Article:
British Gas’s legal action is an action against the Bolivian people. The Bolivians need to democratically decide how the second largest reserves in Latin America should be used to tackle the huge levels of poverty and inequality in the country. Their decisions should not be confined by the actions of multinationals whose only consideration is profit. Our solidarity with Bolivians and our opposition to the legal actions of the companies could be crucial in the fight for a more just Bolivia.


British Airways boss Rod Eddington got a taste of how it sounds being next to an airport runway last Tuesday morning (19th ) at 5am when a sound system blasting loud aircraft noises was set up outside his £2.5million country house in Berkshire. This was courtesy of protesters dressed in pyjamas who paid Rod a visit the same day as the BA Annual General Meeting to make him rethink plans for expansion of Heathrow and Stansted airports. It was Rod’s last AGM at BA as he is about to become a Transport Adviser to the Government, and John Stewart from anti-noise group Hacan ClearSkies said, “Residents under the flight path wanted to say farewell to Rod Eddington by giving him a taste of his own medicine. The majority of night flights using Heathrow are operated by British Airways or one of its subsidiary companies. And BA is amongst the strongest supporters of night flights.” For more info call John Stewart on 07957 385650 or see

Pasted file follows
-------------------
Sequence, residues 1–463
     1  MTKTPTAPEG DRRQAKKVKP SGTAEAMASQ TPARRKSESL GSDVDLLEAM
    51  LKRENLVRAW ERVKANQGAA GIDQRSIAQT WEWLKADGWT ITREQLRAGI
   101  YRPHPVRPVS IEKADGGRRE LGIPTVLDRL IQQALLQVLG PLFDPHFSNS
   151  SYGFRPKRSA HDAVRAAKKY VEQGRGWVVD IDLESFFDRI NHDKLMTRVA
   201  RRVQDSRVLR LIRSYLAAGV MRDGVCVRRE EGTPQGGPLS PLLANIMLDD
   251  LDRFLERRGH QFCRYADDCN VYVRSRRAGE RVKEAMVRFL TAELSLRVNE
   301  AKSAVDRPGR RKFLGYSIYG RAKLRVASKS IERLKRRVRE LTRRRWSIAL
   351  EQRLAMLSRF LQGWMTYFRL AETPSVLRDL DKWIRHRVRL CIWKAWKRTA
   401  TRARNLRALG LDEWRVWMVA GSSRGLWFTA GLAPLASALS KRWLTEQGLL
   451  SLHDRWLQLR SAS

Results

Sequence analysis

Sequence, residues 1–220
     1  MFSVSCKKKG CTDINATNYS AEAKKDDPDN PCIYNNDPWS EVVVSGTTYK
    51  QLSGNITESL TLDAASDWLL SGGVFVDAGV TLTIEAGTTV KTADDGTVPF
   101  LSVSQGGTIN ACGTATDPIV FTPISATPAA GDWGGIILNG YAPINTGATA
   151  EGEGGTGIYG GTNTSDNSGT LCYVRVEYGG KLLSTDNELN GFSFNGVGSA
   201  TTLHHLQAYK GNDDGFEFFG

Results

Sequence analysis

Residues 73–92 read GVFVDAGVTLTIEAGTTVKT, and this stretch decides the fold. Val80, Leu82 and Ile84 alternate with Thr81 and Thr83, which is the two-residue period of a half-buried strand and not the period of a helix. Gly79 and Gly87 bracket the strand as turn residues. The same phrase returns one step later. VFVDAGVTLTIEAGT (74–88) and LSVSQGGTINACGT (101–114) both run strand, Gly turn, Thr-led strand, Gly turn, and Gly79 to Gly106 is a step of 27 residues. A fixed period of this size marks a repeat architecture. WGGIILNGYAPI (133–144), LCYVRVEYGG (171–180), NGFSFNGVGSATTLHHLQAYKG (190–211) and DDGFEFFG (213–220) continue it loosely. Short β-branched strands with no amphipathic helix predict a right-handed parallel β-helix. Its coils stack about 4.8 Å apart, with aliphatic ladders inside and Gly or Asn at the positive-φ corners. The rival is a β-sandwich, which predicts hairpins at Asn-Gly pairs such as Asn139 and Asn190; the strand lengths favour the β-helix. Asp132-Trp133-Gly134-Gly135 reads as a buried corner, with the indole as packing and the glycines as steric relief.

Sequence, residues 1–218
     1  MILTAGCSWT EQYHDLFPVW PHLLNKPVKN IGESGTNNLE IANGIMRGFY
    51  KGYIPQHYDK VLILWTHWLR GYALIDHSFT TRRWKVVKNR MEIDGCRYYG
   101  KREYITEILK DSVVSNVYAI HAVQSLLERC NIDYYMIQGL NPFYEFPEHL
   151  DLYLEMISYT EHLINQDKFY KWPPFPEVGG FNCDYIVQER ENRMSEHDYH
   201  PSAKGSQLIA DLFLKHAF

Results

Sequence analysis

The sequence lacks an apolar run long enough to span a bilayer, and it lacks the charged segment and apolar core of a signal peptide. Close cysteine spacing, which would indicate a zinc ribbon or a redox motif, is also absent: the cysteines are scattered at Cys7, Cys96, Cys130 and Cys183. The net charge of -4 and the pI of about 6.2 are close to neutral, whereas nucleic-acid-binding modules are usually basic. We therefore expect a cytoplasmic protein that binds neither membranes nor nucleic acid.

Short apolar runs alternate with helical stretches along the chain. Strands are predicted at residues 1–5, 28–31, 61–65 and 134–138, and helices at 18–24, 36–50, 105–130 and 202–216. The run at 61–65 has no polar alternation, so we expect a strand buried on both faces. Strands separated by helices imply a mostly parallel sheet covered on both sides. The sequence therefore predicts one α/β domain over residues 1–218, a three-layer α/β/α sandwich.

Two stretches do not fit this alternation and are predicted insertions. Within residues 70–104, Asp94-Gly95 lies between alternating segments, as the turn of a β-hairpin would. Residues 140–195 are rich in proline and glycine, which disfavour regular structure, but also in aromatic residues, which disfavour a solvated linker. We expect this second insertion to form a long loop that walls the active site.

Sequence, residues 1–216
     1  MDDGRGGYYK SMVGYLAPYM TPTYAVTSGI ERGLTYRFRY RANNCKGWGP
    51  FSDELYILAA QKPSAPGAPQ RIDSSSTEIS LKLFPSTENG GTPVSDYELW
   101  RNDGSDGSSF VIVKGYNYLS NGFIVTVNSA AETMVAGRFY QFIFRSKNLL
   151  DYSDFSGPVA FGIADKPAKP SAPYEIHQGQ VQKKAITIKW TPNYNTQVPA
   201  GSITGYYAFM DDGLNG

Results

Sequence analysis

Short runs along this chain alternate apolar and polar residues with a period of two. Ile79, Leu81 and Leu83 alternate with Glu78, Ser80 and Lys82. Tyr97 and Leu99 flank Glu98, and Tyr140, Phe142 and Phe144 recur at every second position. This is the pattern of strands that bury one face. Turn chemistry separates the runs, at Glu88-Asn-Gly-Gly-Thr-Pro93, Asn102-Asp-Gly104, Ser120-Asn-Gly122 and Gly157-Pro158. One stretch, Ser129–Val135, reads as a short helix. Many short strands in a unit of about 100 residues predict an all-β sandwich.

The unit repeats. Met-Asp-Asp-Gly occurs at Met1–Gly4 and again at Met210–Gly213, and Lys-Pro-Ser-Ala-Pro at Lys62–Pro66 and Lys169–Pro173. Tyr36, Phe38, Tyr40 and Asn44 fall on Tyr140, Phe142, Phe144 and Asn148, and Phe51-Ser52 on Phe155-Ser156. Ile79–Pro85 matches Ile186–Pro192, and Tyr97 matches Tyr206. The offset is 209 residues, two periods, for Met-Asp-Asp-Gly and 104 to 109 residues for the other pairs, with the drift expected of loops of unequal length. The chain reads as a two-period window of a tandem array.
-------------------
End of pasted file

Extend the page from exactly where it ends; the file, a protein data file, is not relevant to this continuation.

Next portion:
Inside SchNEWS

Two prisoners nicked during the G8 protests are being held on remand till their court cases open in August. Please write letters of support to David Boudon, 92018, HM Prison Barlinnie, Glasgow, G33 2QX and John Mackie, 18769, HM Prison Edinburgh, 33 Stenhouse Road, Edinburgh, EH11 3LN

SchNEWS in Brief

  • Mad Pride Party this Saturday (23rd) - bring picnics and insanity to this autonomous gathering in celebration of mad culture during mad pride month, with live bands, ceilidh and ‘find your marbles’ competition! 1pm onwards Queens Park, Brighton
  • ‘Uzbekistan and British Foreign Policy in Central Asia’ A free talk and discussion with Craig Murray, Former British ambassador to Uzbekistan. Thursday (28th) 7.30pm Hanover Room, Brighthelm, North Road Brighton
  • Brighton Dissent! meeting. Planning for post-G8 events. Cowley Club, Tues (26th) 6pm
  • Dissent! Gathering - A chance to evaluate the G8 mobilisation and discuss the future. South Wales, 6-7th Aug. see

...and finally...

Five teams have been forced to pull out of the Homeless World Cup in Edinburgh after several players were refused entry into the UK. The Foreign Office said this was because several of the players from the countries concerned – Zambia, Nigeria, Kenya, Burundi and Cameroon – had said that they were unable to pay their expenses whilst in Edinburgh. Bizarrely the Foreign Office seems surprised by this fact. Maybe they have forgotten that Africa is one of the most deprived areas in the world. G8 was a whole 12 days ago after all.

Jazelle Kebakile, marketing co-ordinator for the Big Issue magazine, said in the Cape Times, “It is quite ironic that this is the same country where recently the world’s richest nations met to discuss ways to eradicate world poverty”. Indeed they did. In a 5 star hotel where a suite can put you back a mere £1,800 a night (breakfast included). The cup will now involve 27 teams - see your local Ladbrokes for betting details.

SchNEWS warns all readers a Brazilian is much better than a Californian... Honest!